Patrick gifted me with the opportunity to participate in The Sketchbook Project, "a crowd-funded sketchbook museum and community space in Brooklyn". This means that The Sketchbook Project mailed me a small sketchbook for me to make marks in, write about online, and send back to their physical space at the The Brooklyn Art Library.
I freely admit that it was intimidating to commit to a theme or approach for the sketchbook. This wasn't any old sketchbook. This one would live in a library and potentially be seen by other people! Conversely, my sketchbooks have been for me---for my process of working out projects ideas, planning, and practicing. For this project, I wanted the sketchbook to be a completed idea, but I also didn't want it to feel too polished. I still wanted it to be a sketchbook at heart. So, I decided to pursue what is interesting me right now--how objects, when arranged together, have relationships. To find objects, I went hunting at the the thrift store (Goodwill and Community Thrift) where I would snap photos of anything that interested me.
At home, I drew and painted them in arrangements.
A technical note: The Sketchbook Project provides you with a book, but you may change the book to meet your media needs--as long as the dimensions remain the same. In my case, I wanted to work with watercolor paint, a wet medium. So, I needed to switch out the paper to one that could hold up to watercolor on both sides. I used Canson XL Mixed Media paper, which is what I use in my own sketchbooks.
Anyway, once my book was complete (today), I filled out corresponding information about it online so that people could search for it. This required an artist statement and tags. Here is my artist statement:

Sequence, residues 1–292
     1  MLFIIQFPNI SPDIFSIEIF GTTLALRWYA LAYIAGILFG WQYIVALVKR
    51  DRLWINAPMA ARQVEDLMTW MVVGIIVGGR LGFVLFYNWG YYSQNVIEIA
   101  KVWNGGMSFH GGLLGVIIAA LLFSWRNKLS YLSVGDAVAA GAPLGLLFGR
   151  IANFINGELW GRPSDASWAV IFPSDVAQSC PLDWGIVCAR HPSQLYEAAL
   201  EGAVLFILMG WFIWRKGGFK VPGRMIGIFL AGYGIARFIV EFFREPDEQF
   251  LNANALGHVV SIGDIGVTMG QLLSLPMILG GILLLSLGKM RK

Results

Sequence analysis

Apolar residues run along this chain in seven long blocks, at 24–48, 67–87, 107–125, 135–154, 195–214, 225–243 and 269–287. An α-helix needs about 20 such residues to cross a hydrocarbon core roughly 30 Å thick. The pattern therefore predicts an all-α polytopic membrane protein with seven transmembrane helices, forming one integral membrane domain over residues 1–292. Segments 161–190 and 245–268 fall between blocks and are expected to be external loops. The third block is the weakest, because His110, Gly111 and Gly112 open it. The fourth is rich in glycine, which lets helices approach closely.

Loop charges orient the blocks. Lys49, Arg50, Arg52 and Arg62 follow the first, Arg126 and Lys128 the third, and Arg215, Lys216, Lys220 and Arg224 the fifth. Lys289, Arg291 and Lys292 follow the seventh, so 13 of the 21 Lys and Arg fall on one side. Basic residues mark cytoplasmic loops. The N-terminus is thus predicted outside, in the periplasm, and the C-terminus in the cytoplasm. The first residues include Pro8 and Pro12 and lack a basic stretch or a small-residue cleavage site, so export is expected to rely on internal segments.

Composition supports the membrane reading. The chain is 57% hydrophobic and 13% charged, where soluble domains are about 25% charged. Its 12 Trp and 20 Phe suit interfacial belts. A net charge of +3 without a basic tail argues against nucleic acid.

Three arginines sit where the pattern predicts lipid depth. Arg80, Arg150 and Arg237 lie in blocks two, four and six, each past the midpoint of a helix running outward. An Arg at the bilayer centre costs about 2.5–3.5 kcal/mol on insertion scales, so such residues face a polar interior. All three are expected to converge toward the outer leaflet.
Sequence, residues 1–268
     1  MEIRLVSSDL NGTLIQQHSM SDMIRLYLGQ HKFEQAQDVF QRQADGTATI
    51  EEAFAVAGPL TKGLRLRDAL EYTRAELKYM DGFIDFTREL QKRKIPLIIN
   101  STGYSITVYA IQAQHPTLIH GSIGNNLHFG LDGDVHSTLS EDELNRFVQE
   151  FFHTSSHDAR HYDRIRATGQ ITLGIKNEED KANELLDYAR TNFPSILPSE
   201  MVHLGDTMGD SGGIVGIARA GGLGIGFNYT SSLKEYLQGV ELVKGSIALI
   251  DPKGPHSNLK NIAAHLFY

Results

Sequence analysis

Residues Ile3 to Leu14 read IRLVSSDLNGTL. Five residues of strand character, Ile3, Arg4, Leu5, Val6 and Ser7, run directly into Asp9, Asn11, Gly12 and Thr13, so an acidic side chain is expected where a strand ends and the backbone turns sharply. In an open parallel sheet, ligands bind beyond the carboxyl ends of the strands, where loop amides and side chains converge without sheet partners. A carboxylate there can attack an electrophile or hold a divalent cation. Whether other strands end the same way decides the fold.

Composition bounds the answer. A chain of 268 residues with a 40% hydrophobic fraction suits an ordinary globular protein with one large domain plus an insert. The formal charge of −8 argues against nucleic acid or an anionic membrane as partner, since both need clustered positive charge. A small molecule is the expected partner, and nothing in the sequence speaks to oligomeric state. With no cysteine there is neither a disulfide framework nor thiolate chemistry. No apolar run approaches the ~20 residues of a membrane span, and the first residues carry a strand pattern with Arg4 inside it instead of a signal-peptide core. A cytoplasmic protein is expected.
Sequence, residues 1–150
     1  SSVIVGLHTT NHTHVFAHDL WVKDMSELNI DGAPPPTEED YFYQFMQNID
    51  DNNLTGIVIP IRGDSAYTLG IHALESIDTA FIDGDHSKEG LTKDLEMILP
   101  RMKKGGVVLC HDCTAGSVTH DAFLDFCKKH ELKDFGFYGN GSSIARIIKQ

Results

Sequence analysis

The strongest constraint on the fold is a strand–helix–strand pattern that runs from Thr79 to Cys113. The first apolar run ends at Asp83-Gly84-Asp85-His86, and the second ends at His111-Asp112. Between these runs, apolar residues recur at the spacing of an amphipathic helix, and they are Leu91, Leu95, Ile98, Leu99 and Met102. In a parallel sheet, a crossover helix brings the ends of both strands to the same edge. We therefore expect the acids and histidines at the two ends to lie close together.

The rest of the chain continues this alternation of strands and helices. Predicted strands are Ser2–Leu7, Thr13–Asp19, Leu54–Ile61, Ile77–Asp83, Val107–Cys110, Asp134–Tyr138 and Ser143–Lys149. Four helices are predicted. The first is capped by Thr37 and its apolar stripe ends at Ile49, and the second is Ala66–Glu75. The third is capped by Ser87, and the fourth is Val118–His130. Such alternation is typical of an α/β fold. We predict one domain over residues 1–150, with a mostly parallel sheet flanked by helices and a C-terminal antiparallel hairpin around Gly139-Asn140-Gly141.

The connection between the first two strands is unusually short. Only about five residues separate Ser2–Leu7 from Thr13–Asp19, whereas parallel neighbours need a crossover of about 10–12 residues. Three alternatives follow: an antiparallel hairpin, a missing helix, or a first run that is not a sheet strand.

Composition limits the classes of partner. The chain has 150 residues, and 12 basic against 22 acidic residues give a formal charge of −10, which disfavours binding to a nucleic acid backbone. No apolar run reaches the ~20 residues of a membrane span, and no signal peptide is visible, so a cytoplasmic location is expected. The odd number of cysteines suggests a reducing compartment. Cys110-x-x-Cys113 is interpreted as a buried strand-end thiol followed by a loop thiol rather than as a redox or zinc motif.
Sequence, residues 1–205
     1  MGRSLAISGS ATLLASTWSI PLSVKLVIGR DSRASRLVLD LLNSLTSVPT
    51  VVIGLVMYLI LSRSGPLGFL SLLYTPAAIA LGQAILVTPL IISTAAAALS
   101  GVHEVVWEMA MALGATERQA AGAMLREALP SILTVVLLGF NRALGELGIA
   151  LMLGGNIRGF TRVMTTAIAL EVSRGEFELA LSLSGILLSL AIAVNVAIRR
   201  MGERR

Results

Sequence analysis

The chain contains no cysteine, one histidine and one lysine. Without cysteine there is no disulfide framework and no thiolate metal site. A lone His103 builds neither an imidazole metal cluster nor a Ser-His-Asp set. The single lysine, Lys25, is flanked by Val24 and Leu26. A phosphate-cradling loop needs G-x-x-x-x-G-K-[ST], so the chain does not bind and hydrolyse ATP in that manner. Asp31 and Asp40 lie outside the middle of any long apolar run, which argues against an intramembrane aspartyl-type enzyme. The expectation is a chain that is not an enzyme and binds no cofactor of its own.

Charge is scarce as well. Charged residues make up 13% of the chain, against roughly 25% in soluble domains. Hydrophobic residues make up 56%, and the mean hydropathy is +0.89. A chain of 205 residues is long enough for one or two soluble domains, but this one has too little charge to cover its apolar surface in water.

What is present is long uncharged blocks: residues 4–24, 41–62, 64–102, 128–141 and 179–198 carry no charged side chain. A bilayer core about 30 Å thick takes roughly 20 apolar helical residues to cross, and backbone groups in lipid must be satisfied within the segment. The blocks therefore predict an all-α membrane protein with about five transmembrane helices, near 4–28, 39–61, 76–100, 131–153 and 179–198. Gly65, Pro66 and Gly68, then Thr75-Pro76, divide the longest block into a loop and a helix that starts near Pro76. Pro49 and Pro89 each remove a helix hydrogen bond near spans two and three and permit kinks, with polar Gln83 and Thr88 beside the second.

To thrift stores we offer our rejected choices, the objects that no longer bring us joy, and the thrift stores collect our castoffs--accepting them to their shelves. This book looks at those unintentional assemblages and seeks to find connections among seemingly disparate objects. I visited two thrift stores and photographed anything that caught my eye. (I am particularly interested in vases, pitchers, and dishware). Then, at home, I drew and painted the objects, their patterns, and their motifs in arrangements on the page. The relationships and conversations would undoubtedly unfold as I worked. Thus, this book became an intentional place for all of these lost items, and it brings me joy.
Now, all that is left is dropping the sketchbook in the mail!!! Good news, the Libray is travelling to Chicago this summer! So, maybe I will be able to visit my sketchbook again. Below are scanned images of the sketchbook from cover to cover! Some were more successful than others. Enjoy!!!
PS For those of you noticing the due date, don't worry, they extended it to April 30th. I'm well within reach!
Anna Lentz, artist and writer, blogs about making a creative life connected with nature at Spring Bird.